And this is a seven-day governance process that uses the COMP token. So if there's a proposal to adjust the collateral factors of different assets, you can see how many tokens voted for the proposal, how many voted against the proposal, the history of the proposal and information on what the proposal does. So in this case, some assets had their utility as collateral to borrow modified. And this is a great example of what a governance proposal looks like. It changes some parameters, it might not be changing the functionality of the protocol or the way things work, but it changes parameters.
And so oftentimes these are linked to a forum post that goes into the history of the different proposals and debates and discussions, et cetera. So this is really the governance architecture of the protocol and where COMP comes in, and you can see all the proposals here. And there's also how many participants there are, there's currently 1,727 addresses participating in governance and there's 2.8 million COMP that are participating in governance right now.
Lastly, I think what's really interesting to show off is that Compound is an open protocol. We touched on this composability before, but there's actually a robust amount of documentation for developers on how to integrate the Compound protocol and how to build applications on top of it. So there's lots of different guides that have been set up and there's lots of documentation available for developers on how to interact and build the Compound protocol into your own system, whether that's an exchange, or a custodian, or a new application.
So the documentation is really important because this is in some ways a tool for individual users but also a tool for developers. And this power is really, I think, expressed in the documentation and showing that this is an open product and protocol, not simply a business. So with that, I'll stop my screen sharing, but if you're interested in the Compound protocol, using it directly to earn an interest rate or borrow or participate in the governance of the protocol, all of this is available on compound.finance.
Rayhaneh Sharif-Askary: So this is great and we actually have a ton of questions and I apologize in advance, we are not going to be able to get all of them, but I am going to attempt to ask you some of the more topical ones that have come off from compliance and from folks that are listening. So we were just talking about votes. Are governance votes anonymous?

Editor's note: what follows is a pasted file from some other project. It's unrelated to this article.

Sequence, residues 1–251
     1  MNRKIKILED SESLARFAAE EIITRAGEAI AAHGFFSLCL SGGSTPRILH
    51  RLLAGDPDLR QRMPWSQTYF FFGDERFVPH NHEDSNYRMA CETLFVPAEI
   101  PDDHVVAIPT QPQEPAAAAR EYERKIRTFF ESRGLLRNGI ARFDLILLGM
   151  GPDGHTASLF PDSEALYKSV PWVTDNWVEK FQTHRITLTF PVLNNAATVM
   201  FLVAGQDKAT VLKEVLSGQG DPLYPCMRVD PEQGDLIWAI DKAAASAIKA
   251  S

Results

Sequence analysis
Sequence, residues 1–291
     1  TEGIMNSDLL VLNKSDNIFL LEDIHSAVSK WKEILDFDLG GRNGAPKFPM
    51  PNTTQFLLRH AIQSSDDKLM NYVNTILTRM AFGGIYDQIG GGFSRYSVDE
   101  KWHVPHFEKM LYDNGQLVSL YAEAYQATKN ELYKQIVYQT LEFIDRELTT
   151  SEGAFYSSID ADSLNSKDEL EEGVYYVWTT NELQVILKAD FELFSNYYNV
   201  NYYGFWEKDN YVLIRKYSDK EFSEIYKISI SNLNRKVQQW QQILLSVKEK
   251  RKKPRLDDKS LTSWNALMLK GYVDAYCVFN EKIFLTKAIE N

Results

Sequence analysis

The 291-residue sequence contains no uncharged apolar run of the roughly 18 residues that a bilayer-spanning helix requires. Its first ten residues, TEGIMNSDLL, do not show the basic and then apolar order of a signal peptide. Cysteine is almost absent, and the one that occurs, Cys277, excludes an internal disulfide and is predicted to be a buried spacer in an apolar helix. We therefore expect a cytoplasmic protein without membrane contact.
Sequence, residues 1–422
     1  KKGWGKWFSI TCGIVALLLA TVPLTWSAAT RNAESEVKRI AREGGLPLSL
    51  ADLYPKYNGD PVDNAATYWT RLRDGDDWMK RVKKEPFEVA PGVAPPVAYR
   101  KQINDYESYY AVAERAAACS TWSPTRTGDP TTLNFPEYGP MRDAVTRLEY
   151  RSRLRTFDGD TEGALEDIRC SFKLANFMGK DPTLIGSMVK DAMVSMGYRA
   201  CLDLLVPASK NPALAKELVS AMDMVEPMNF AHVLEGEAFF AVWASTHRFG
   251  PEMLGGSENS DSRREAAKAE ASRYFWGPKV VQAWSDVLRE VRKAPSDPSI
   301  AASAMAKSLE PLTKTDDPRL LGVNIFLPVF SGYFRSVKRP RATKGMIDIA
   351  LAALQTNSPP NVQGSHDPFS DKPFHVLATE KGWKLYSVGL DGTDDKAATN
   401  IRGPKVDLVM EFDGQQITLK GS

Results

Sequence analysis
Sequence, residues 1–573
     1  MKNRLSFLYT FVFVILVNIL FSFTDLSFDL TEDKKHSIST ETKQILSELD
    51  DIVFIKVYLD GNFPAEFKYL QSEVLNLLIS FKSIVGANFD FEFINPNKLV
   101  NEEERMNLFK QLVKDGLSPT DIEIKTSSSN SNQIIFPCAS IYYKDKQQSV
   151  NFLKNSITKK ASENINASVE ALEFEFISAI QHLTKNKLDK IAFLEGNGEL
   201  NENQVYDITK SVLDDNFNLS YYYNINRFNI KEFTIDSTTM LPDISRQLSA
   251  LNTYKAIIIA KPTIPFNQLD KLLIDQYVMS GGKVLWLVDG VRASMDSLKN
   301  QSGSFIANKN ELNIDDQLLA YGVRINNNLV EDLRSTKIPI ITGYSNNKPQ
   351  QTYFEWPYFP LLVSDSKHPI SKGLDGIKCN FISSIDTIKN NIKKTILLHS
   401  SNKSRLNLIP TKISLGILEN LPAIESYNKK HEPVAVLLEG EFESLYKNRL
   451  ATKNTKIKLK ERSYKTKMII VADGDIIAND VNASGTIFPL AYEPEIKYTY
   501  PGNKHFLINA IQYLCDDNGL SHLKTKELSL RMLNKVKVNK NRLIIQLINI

Robert Leshner: So they're pseudo anonymous. So the way it works is any address which is just a cryptographic public address can hold COMP tokens and participate in governance. Many of the larger voters or participants choose and elect to identify themselves, but it's voluntary. So you could have an anonymous address participating in governance, and you can also voluntarily tag your address and identify your profile, so to speak.
Rayhaneh Sharif-Askary: Speak more to how specifically the algorithm or how the interest rate is determined. I don't know how technical you want to get..
Robert Leshner: No, that's a great question. So each market has an interest rate model that defines what the interest rates are at any given amount of supply and demand. And so what the community does is they define the model that the market's going to operate on. And all of the models essentially say if borrowing demand is high, interest rates are high, and if borrowing demand is low, interest rates are low. And all of the models generally define this, but in detail they define what the curve looks like and how quickly interest rates rise as a function of demand. These principles play out in every financial market. If you were looking to borrow Tesla stock, if nobody was looking to borrow Tesla stock, the borrowing cost would be very low. If everyone is borrowing it for a governance action or to short sell or whatever, the borrowing cost might be extremely high.
Compound markets work the same way where the borrowing cost really is a function of demand. For assets like tokens that don't have too many active uses, the borrowing demand is very low. For stablecoins, the borrowing demand is typically relatively high and each market has its own interest rate model that governance sets. And if you're really geeky, you can see the exact code that all of these models operate on. You can see the algebra of them all, you can play around with them on the markets pages of Compound, but it's really a little module of the computer code that defines very specifically what the interest rates are and how they work.